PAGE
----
Jean-Baptiste Poquelin (Moliere)
These incompatibilities suggest that we should learn to live by compromising with our idiosyncrasies and being flexible towards other individuals and the society.
Among others, two fundamental contrasts strike the audience of this play: the contrast between Alceste and Celimene, and the contrast between Alceste and Philinte. Indeed, critics have been sensitive to the psychological, philosophical, and theatrical value of these polarities. Philinte, in fact, has been viewed almost exclusively as a foil to Alceste. Most critics have taken sides with one of the pairs. Some critics would claim that Philinte is incapable of friendship and that his philosophical detachment cuts him off from human contact as effectively as Alceste's misanthropy. For the most part, however, spectators have been less severe. We simply tend to take the relationship between the pair for granted. A proper acknowledgment of the relationship between Philinte and Alceste is crucial to our understanding of The Misanthrope. From start to finish of the play, Philinte does his best for Alceste. And Alceste cannot do without Philinte. The relationship between Philinte and Alceste is also brought into sharp focus in a statement if we remember that Alceste is, after all, involved in two relationships, not only Eros (sexual attachment) but also philia (just love). The contrast between love and friendship is a common theme in 17th century literature. This distinction is implicit in The Misanthrope and constitutes a third contrast useful to our understanding of the play. The relation between Philinte and Alceste is in ironic opposition to the relation between Alceste and Celimene.
Alceste's love for Celimene is only egocentric, irrational, demanding and these are the forces that push Alceste towards Celimene, and they are destructive. Erotic love leads Alceste to betray his truest self. Even if it were fulfilled, this love would not lead Alceste to authentic contact with others, but only to a kind of idolatrous solitude with a woman. Alceste would not be saved from his misanthropy by his love for Celimene, and it is clear that the couple would be miserable together. This comic perspective of Moliere's play should not blind us to the fact that the erotic love, in the case of his hero, is presented as an essentially negative force.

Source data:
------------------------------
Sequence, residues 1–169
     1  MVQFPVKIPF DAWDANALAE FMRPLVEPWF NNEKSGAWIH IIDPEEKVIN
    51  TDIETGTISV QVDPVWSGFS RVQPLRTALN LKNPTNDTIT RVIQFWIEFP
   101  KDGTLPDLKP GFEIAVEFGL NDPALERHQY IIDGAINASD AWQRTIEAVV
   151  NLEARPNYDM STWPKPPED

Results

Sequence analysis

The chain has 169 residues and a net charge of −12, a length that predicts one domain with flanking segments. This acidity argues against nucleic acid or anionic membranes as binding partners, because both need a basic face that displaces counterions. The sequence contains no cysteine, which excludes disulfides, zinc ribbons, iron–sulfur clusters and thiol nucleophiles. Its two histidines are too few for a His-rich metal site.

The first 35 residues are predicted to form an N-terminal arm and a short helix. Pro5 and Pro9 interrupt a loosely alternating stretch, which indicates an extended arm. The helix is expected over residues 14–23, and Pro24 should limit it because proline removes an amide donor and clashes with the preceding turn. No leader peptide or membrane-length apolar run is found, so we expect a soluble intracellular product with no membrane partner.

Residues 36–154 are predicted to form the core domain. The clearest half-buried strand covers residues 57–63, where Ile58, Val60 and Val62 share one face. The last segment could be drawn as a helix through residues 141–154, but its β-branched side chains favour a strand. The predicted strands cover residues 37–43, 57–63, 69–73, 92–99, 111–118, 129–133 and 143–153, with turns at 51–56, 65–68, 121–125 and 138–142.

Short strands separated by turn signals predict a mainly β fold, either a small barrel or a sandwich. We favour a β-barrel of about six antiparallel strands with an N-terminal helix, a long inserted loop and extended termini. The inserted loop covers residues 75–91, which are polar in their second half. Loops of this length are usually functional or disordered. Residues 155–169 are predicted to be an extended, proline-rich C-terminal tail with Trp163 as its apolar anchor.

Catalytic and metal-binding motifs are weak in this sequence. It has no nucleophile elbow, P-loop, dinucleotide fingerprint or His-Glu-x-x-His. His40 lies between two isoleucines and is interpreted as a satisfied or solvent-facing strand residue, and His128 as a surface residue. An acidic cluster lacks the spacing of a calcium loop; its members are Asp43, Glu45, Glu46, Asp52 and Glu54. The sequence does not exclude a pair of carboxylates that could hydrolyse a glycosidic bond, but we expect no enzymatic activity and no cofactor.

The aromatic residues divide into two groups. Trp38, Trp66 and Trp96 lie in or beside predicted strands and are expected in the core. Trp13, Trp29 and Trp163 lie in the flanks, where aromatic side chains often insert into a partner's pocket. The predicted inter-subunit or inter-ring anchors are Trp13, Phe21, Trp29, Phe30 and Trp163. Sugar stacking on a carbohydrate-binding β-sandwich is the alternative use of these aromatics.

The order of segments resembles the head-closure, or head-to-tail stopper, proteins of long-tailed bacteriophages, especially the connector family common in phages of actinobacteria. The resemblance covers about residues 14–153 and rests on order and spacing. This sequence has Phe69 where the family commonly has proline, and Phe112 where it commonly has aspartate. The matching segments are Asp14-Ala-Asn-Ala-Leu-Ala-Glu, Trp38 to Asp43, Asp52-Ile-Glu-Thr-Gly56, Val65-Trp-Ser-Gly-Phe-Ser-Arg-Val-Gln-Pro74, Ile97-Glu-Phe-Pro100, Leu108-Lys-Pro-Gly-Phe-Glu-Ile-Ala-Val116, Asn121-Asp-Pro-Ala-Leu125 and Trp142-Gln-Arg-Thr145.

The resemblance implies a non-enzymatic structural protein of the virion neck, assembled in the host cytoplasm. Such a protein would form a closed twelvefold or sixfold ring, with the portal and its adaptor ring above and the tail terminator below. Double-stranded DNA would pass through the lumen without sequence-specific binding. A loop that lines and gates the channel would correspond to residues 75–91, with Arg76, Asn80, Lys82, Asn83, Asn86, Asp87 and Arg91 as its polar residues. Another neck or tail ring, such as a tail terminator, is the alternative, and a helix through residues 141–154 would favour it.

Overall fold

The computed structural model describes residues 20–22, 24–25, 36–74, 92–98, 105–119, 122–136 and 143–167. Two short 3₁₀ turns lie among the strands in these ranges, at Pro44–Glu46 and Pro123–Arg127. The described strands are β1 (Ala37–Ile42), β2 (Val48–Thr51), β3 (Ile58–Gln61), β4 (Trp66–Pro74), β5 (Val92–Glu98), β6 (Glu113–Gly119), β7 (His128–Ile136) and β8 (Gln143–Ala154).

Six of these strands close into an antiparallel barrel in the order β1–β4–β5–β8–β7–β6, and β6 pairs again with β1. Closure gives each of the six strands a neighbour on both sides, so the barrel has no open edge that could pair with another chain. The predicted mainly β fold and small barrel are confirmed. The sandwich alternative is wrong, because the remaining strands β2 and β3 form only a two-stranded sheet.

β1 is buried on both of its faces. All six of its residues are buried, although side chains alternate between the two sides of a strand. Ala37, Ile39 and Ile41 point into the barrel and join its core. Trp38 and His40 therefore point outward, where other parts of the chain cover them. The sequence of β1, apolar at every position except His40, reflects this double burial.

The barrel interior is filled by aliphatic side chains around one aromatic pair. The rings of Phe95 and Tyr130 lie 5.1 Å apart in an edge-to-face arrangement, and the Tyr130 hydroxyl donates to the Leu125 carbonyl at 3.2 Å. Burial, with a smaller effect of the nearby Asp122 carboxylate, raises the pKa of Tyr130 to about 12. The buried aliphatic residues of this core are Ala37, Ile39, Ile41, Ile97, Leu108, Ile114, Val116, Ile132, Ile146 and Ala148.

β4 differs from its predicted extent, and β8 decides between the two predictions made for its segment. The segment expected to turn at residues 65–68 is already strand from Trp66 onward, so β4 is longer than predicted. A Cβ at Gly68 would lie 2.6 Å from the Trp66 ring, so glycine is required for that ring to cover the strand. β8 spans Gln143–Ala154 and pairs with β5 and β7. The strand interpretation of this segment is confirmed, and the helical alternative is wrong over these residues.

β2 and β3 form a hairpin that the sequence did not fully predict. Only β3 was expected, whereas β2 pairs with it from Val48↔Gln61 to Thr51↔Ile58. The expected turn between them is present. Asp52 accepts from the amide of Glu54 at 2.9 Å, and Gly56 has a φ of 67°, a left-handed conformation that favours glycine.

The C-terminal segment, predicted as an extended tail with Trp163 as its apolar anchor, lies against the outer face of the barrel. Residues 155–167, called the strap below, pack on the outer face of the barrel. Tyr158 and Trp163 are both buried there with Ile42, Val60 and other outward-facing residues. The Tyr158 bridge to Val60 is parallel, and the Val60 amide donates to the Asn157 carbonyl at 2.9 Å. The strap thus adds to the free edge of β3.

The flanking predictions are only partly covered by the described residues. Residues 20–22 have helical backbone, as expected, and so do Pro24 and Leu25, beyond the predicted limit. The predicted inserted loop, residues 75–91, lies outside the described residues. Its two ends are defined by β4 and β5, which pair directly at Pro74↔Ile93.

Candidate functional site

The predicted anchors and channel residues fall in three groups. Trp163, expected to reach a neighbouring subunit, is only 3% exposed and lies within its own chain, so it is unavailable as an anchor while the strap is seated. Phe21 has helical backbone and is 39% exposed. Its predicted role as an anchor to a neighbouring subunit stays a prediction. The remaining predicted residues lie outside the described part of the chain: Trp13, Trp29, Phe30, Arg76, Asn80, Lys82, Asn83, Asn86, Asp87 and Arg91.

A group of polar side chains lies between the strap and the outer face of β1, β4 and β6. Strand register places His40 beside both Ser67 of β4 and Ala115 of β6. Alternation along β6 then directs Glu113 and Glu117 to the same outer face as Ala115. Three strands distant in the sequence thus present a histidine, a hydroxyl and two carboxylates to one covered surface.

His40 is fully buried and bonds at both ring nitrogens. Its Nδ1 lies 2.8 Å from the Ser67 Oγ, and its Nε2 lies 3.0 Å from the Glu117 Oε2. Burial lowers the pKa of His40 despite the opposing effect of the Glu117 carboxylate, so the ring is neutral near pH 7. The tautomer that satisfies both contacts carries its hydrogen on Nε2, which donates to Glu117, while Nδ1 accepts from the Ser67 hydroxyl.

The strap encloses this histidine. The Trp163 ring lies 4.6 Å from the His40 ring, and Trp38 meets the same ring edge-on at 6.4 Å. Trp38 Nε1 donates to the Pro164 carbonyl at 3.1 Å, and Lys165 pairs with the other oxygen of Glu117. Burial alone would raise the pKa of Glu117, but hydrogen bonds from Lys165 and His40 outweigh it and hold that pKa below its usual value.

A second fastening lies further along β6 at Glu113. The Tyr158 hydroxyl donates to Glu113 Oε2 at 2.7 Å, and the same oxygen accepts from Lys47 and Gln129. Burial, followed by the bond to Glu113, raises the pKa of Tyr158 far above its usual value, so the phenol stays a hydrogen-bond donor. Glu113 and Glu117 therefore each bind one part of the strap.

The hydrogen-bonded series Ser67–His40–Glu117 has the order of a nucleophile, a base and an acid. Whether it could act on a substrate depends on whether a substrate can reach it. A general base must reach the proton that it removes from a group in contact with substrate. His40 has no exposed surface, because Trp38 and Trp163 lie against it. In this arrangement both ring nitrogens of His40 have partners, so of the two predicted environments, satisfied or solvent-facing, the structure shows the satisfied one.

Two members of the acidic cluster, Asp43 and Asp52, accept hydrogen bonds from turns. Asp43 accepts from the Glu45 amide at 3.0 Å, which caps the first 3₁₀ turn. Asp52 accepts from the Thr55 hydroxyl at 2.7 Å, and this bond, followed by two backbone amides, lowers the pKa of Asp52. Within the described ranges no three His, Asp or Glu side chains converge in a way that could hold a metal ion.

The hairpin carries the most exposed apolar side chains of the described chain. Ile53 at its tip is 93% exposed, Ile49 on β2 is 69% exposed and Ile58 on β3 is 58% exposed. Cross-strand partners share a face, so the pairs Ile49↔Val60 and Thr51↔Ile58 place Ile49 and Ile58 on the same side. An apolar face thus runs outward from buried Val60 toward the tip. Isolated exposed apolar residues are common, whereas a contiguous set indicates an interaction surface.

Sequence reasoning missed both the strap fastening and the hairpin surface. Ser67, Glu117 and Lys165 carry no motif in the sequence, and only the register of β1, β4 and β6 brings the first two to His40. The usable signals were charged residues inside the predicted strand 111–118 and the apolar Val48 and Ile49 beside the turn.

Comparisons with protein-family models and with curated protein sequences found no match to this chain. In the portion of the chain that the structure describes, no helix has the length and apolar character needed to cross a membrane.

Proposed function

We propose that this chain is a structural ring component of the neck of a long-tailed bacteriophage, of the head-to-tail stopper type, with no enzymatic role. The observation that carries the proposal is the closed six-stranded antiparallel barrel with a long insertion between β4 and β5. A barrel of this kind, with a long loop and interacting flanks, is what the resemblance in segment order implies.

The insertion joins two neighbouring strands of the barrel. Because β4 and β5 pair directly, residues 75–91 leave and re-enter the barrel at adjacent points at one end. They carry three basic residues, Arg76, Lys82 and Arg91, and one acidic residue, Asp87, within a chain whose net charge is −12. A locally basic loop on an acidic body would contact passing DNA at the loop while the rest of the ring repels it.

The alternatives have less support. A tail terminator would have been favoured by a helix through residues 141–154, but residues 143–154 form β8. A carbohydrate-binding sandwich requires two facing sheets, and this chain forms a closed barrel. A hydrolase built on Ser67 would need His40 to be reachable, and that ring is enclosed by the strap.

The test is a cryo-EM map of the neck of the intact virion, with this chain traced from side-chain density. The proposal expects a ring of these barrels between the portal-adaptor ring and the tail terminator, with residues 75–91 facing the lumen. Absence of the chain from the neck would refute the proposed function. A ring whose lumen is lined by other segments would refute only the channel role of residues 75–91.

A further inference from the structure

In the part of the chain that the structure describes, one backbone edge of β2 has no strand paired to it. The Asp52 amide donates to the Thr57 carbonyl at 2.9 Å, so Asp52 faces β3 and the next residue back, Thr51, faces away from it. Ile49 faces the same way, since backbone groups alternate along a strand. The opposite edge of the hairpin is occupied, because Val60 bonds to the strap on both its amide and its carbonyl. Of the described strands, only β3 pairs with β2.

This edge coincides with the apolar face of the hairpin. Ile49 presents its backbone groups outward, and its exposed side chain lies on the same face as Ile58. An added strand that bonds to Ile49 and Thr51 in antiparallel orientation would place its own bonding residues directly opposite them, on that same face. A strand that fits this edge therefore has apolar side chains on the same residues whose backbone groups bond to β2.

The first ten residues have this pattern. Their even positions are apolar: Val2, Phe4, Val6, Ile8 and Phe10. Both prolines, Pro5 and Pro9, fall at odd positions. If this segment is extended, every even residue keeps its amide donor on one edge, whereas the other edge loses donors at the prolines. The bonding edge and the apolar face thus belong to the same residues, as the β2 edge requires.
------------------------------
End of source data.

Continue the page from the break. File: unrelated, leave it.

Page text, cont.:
The relationship with Philinte, on the other hand, offers Alceste the possibility for a truly redemptive contact with other human beings. The friendship of this second couple is characterized by many of the qualities Alceste demands in human relations, most notably sincerity and authenticity. Philinte abandons those civilities he claims are necessary for dealing with other people. He is never as indifferent as one might doubt he is. He interferes constantly and bluntly to criticize in Alceste those faults he sees harmful to his friend. He is against Alceste's attraction towards the physical charm of Celimene. Furthermore Alceste's friendship with Philinte opens the way to friendship with others, whereas Alceste's love for Celimene merely drives him further into isolation as he seeks to retreat with her behind the wall of his misanthropy. His relationship with Philinte, on the contrary, moves him towards other people, not away from them. Philinte tries constantly to help his friend keep his place in the society that represents the sole opportunity for contact with fellow humans. His offer to sacrifice his own love for Eliante is his attempt is almost incredible generosity. We should understand that if Alceste is an impractical idealist Philinte is a practical one. Philinte wants to bring his friend to human contact by making a match between him and the sociable and civil Eliante, instead of the corrupt Celimene.
In theory, Alceste himself is well aware of the distinction between erotic love and friendship. He sees his feelings for Celimene as irrational. Friendship on the other hand is a freely chosen relationship between equals, he tells Oronte. In fact, however, he is unable to recognize the difference. He brings to his own friendship with Philinte the same jealousy and desire for exclusiveness that mark his relationship with Celimene; and he is, saddest of all, unable to appreciate the special quality of the love that Philinte offers him. It is fruitful to examine the denouement of The Misanthrope with these thoughts in mind. Alceste fails to capture and possess the one he loves, despite the help of his friend. He prepares to reject reality - the world of social intercourse - to flee to the private desert of his dreams. This is a serious retreat, which is actually foreshadowed right from the beginning of the play. When all others make an exodus, the initiative remains with Philinte. He rushes to the rescue of the disappointed lover, continuing the same affectionate pursuit of his friend with which he opened the play, and this at a moment when the fulfillment of his own desires with Eliante might well have led him into the more closed and exclusive world of Eros. The love he shares with Eliante takes its place, however, within the generous framework of their mutual friendship for Alceste: the two would help Alceste to be social.